Botzees - the Augmented Reality Construction and Coding Kit for Kids
Coding for Kids Made Fun
Find someone old enough and ask them about the toys from their childhood — no digital and possibly mechanical but otherwise the plastic and wood only represented things that imagination had to bring out. Flash forward to today and kids have it too easy, what with smartphone games and endless entertainment opportunities. Good thing pai technologies didn’t jump on that bandwagon, but instead thinks that kids can learn stuff while having fun. Which brings us to Botzees, the augmented reality construction and coding kit.
So Botzees says what it wants to help children (4 and up) do: create, program & play. It’s sort of like a construction kit — think Legos jacked up — with elements of coding required to make the robot-oriented results work. And yes parents can come along for the ride, but this isn’t that old canard of mom or dad having to do all the work while the kid waits impatiently to play with the end results.
Botzees comes in a box with a carry handle and that’s good — inside are 130 pieces waiting to be dealt with. So let’s take a leaf from what it says on the box and create, program and play. Or provide the child with the opportunity for doing so, is what we’re really saying.
Creating a Botzee
Create means taking the various parts and putting them together — either in predetermined ways that are provided for six different configurations (we’ll get to that in a moment) or by going the “LEGO” route of picking and choosing from the parts and assembling them into shapes taken out of imagination. The pieces are easy to grip and designed with a tactile sensation to make them appealing to the child to clutch at. Add rounded edges for a simple safety point of view and children will grab at them instinctively. So as should be obvious, no tools or screws or potential dangerous device are needed to manage the various parts together so as to create a robot that uses the two sensors and the one motor to make it active. Yes, it’s all about creating robots or, as the name is called courtesy of the box art, a Botzee.
Coding A Botzee
While assembling the blocks is fairly simple, aid in this can come from the downloading iOS/Android app (free). The app provides a wealth of details and applications, from being a “remote control” for controlling a Botzee to providing AR (augmented reality) for viewing and learning about coding through gaming. Because of this, parents will find it more useful to work the app from a tablet than the smaller phone screen. Or maybe not — again this is a personal preference. What’s important is that the AR is teaching coding in a fun and intriguing manner that will not bore the child (not that the parent can’t benefit from this also). The digital world the AR creates lets the child interact through his Botzee with characters and procedural methods that help drive the coding home through the 30 games provided (teaching the fundamentals of coding concepts visually and so making lsequencing, looping, and conditional coding palatable and understandable). The child can thus use what has been learned to create codes that will affect the Botzee — making it move around,dance and even “talk” (you have to hear it to get what it means by placing parenthesis around the word).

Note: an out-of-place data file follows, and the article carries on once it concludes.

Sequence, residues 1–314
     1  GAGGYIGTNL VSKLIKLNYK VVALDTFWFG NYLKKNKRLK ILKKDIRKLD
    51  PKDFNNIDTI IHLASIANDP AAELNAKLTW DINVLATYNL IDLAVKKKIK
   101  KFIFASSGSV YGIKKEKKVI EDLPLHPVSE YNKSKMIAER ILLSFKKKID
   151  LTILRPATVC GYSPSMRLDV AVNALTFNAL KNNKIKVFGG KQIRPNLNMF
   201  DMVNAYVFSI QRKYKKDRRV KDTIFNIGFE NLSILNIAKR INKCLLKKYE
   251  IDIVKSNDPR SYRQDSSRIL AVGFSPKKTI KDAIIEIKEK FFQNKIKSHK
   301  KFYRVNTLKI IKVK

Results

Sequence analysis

STEM education is all about showing how the scientific approach can be applied to real life and so the value of a coding-oriented STEM toy like Botzee is that it can help prepare the child for the digital future that has rushed in like the tide and washed over pretty much every aspect of life. One where the child approaches coding later in life as a friend and not with trepidation or concern. Through “fun,” a Botzee takes the (sometimes) wasted screen time that children now inhabit and turns it into a useful aspect that can grow with them into their future. Not that every child will turn into a coding genius, although who knows? — but it provides an educational path without limiting or inhibiting playtime. After all, who doesn’t like robots? And so who wouldn’t want their child to be enamored by an augmented reality robotics kit. Who?